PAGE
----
E. Bridge, the card game, will never have three consecutive years of increasing popularity again. Its overall popularity (summing both offline and online play) will die out over time, with a half-life of about ten years. Poker and Spades will gain somewhat at Bridge's expense.

F. Schadenfreude is such a disutility to the human condition that governments should tax mass media entertainment producers who incorporate it into their work. It's impossible to police small media schadenfreude, but any activity which will make people stop and recognise the unkind nature of their amusement would be a net public good. I'd pay for some from time to time, but not much.

G. None of the Wallace and Gromit films released so far have actually been funny. Admirable, clever and cute, I will grudgingly concede, but not funny.

H. A truly enlightened society has no taboo subjects and governments should work towards encouraging this for the sake of the mental health of their people.

I. The politics of the chess world championship are truly screwed up. Vladimir Kramnik would gain immensely in stature, respect and credibility by refusing to accept the legitimacy of FIDE's latest championship proposals and instead playing a title match against Peter Leko, Garry Kasparov or even Alexei Shirov for a relatively small sum of money - six digits of dollars rather than seven as for the last few Kasparov title matches.

J. Suicide is a terrible thing and not to be encouraged or glorified. It is also, under some circumstances, a rational act of ultimate self-interest.

J'. Even mentioning suicide in an abstract sense is enough to make lots of people go Warning! Warning! Danger! Danger, Will Robinson! and it's really nice to have people looking out for me. However, anyone putting two and two from recent posts together and getting seriously worried is making five. Observe the cheerful mood and don't panic; I shall tell you when to panic. I promise that there are no grounds for concern and I shall write about my situation in lieu of physical self-harm. While I believe all of point J literally (and refer to point H) I mention this at least partly to press people's buttons in an overtly button-pressing exercise. Get it? Got it? Good.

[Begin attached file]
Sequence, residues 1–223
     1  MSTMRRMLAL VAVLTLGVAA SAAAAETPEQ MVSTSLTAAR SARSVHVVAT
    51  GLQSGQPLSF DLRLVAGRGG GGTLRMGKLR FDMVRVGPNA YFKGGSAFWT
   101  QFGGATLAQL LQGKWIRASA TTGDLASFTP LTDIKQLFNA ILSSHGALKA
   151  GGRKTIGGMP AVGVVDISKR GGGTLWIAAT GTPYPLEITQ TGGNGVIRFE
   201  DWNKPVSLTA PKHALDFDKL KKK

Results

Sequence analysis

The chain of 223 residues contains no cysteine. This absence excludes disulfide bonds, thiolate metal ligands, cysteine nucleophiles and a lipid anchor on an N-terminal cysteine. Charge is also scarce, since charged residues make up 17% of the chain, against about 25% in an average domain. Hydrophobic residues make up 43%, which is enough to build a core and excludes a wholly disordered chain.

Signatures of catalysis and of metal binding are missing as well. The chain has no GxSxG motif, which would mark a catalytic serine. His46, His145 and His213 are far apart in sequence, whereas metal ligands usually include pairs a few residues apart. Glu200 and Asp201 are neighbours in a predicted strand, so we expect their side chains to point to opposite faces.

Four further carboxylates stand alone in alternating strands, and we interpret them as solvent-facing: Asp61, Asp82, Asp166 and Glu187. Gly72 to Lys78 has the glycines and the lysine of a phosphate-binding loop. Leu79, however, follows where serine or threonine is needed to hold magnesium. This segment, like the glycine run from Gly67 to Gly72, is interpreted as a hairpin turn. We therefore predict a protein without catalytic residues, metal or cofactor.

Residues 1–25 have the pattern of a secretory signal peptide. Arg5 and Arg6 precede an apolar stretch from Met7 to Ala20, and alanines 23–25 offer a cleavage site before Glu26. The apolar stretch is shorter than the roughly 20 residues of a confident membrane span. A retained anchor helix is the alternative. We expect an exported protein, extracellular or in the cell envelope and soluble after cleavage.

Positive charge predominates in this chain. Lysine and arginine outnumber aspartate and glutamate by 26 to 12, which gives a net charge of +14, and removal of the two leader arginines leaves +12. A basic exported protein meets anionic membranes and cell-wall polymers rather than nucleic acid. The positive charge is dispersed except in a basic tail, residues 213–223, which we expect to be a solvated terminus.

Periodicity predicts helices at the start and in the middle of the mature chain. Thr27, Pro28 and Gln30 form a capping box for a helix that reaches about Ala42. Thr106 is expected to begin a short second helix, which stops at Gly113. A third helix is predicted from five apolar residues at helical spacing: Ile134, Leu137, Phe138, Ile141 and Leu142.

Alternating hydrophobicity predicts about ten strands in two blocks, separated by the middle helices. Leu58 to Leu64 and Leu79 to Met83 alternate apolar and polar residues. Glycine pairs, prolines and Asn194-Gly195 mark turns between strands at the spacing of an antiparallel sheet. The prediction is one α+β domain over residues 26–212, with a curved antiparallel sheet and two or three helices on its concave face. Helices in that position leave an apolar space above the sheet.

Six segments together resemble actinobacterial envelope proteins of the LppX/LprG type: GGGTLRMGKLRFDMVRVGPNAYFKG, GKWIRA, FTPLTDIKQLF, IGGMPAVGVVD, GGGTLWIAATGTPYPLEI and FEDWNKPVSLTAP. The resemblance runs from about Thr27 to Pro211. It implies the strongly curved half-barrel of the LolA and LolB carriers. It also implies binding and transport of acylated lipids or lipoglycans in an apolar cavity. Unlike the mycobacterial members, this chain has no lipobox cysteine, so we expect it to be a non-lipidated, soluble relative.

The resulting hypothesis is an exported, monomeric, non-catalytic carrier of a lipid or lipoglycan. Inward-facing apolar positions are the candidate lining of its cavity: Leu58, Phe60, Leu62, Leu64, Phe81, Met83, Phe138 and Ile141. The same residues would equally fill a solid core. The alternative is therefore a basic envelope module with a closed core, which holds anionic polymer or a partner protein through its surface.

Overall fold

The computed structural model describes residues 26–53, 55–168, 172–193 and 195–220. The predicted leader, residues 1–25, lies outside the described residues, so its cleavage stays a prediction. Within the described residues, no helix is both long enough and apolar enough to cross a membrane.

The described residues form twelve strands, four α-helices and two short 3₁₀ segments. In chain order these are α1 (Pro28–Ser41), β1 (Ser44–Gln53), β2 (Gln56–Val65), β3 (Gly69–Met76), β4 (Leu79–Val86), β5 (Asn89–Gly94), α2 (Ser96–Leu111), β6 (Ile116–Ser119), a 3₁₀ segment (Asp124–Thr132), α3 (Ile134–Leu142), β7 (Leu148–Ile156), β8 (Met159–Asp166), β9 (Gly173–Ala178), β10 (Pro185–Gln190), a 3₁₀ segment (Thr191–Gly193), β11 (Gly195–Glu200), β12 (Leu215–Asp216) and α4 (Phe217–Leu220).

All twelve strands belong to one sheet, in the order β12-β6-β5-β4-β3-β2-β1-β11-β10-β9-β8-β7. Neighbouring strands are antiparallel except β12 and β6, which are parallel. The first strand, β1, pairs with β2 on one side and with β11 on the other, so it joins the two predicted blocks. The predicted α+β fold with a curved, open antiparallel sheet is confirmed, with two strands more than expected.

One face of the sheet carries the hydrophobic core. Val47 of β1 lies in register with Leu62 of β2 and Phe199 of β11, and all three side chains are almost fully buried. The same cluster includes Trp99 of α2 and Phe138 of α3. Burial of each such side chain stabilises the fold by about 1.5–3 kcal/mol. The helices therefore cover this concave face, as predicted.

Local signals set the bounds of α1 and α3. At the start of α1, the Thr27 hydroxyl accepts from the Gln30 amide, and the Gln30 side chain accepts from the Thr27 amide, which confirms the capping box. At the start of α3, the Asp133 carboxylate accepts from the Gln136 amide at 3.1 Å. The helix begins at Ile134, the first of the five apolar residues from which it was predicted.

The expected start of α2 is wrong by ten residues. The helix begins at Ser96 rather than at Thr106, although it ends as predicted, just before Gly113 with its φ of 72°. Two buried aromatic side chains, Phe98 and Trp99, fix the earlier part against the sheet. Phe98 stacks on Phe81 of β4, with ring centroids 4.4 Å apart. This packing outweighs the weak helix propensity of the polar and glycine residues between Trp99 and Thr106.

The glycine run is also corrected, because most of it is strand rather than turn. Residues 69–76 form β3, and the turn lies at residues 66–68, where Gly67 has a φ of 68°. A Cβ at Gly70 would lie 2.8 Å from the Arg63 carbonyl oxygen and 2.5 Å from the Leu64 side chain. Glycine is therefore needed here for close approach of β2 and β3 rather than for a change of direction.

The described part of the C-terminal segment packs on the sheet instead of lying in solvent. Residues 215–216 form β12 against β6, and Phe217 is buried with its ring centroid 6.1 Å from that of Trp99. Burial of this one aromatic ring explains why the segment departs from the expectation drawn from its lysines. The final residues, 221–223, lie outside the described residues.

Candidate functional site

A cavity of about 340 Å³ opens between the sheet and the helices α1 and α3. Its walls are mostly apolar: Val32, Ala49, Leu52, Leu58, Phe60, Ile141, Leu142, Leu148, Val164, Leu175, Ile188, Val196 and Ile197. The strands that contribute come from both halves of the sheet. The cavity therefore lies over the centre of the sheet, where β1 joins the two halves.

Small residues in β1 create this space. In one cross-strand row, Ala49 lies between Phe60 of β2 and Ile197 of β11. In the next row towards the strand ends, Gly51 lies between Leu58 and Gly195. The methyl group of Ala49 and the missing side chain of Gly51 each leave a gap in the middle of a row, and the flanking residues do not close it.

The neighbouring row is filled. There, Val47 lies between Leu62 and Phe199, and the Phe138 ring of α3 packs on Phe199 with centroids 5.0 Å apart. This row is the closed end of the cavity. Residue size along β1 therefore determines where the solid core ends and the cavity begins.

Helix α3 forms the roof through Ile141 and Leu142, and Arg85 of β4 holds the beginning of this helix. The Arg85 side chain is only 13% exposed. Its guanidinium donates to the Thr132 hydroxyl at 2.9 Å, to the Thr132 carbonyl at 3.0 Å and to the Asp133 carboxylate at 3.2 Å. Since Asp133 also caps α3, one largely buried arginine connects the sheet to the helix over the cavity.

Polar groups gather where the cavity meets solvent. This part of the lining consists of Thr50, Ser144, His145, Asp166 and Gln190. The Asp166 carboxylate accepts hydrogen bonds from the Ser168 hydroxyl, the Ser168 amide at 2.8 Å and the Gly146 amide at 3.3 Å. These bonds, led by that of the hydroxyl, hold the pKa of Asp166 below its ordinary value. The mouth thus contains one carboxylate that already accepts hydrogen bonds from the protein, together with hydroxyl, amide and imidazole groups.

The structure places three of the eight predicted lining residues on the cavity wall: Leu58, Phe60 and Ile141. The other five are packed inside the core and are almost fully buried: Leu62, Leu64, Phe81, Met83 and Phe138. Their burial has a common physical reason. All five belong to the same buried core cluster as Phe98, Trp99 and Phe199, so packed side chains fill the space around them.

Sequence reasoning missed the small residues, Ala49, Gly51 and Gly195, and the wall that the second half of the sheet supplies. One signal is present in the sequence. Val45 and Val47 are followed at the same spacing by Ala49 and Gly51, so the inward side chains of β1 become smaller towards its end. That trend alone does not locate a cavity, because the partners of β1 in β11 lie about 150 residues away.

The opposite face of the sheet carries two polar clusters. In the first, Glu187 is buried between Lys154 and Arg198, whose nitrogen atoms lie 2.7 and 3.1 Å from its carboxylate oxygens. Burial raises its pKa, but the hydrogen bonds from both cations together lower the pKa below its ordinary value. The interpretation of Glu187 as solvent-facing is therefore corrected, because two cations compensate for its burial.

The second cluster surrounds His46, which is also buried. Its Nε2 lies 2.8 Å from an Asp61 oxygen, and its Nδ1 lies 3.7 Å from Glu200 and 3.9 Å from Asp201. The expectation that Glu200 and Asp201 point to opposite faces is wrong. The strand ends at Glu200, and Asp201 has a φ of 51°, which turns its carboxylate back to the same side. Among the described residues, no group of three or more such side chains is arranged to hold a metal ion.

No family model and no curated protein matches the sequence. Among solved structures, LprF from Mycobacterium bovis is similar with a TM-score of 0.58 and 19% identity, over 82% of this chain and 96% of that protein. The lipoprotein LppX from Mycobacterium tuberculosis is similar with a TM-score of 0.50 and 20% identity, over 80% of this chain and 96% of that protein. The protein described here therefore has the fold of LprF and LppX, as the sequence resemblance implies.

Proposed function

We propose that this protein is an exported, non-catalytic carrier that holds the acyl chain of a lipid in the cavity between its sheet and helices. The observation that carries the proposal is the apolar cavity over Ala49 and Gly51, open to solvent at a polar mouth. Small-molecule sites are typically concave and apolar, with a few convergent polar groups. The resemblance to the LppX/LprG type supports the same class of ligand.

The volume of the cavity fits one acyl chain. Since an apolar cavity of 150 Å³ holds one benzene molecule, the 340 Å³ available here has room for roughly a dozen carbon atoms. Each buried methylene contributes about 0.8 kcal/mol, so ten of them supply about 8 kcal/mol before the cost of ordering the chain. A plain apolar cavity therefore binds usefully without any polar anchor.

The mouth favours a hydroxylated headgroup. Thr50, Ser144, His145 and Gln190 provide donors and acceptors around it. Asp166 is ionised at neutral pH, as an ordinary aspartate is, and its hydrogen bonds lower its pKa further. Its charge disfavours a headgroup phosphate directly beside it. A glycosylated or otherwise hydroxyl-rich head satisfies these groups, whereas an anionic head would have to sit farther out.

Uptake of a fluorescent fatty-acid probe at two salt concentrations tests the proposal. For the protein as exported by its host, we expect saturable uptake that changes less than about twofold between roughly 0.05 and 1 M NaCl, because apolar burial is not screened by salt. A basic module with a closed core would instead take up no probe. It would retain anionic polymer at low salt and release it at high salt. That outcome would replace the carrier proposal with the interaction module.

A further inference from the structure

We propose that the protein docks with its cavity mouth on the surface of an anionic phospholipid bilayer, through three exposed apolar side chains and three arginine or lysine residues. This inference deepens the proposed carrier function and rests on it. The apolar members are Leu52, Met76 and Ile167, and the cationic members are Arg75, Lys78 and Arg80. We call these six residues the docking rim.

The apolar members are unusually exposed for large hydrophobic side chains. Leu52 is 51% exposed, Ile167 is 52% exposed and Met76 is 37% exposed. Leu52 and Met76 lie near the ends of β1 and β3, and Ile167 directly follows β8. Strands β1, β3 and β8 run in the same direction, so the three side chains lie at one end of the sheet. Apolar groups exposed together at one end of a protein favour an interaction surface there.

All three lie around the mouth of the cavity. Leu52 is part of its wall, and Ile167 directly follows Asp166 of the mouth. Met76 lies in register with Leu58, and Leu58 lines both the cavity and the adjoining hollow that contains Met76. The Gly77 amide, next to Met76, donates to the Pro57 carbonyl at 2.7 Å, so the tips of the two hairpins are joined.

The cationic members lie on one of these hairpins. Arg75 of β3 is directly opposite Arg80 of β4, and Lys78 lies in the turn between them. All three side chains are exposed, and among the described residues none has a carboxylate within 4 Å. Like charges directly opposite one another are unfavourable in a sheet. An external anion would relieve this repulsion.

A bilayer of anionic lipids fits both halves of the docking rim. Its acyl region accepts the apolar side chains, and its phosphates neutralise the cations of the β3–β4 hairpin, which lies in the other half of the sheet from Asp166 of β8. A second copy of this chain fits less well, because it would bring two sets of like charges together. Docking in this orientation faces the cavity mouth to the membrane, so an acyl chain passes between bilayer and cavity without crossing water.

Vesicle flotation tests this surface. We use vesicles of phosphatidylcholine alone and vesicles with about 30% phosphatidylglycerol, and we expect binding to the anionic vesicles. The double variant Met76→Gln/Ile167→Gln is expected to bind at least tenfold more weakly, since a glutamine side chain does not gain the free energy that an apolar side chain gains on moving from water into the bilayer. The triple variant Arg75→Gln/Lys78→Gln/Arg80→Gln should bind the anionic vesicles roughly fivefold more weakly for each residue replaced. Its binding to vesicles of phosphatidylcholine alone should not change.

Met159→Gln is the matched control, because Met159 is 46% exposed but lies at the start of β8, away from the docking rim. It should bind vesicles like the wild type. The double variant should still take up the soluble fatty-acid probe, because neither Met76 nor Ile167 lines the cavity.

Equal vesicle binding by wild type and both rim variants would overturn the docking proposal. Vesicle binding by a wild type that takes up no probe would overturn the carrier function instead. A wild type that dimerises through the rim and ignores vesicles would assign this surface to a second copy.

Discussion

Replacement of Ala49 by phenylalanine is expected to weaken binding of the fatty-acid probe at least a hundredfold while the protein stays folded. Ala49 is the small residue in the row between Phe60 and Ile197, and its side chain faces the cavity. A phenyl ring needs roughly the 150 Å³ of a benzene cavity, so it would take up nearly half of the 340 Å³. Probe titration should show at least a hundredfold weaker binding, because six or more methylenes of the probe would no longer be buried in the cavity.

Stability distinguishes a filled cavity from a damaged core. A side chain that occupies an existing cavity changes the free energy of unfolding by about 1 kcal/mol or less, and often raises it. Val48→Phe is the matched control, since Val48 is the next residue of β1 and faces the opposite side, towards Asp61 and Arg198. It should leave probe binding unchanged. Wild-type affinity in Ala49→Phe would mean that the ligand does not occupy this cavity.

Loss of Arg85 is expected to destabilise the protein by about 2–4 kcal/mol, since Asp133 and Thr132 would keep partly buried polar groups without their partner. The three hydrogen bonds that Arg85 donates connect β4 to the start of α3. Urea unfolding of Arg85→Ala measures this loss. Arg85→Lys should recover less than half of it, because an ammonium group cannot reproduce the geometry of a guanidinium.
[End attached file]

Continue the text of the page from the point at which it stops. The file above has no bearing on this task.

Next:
Let's just see how unpopular these opinions are. Fire away.
Current Mood: cheerfulcheerful
Current Music: "Blue" - Cowboy Bebop

(80 comments | Leave a comment)

Comments:


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[User Picture]
From:ringbark
Date:November 20th, 2003 10:41 pm (UTC)

Mostly, I agree with you

(Link)
A - yes, HP has nowhere to go but down.
B - yes, cheese is OK, but nothing to rave about.
C - no opinion.
D - yes, this would mean a corporation would have a seat at the UN, which is probably a Bad Thing. It wouldn't be expensive, either. I can even think of a country that would probably accept it.
E - no, I don't think bridge will die out. It's here to stay.
F - no, this is an absurdity, and I'd never be able to afford my own tax bill.
G - yes, there is nothing at all funny about W & G.
H - yes, I agree in principle.
I - no opinion.
J - half, agree with first half, severe misgivings about second half
J' - no, the mention of suicide is NOT of itself a Bad Thing.

Hey, let's search Google for "suicide poems"
http://www.google.com/search?q=suicide+poems
[User Picture]
From:jiggery_pokery
Date:November 21st, 2003 03:56 pm (UTC)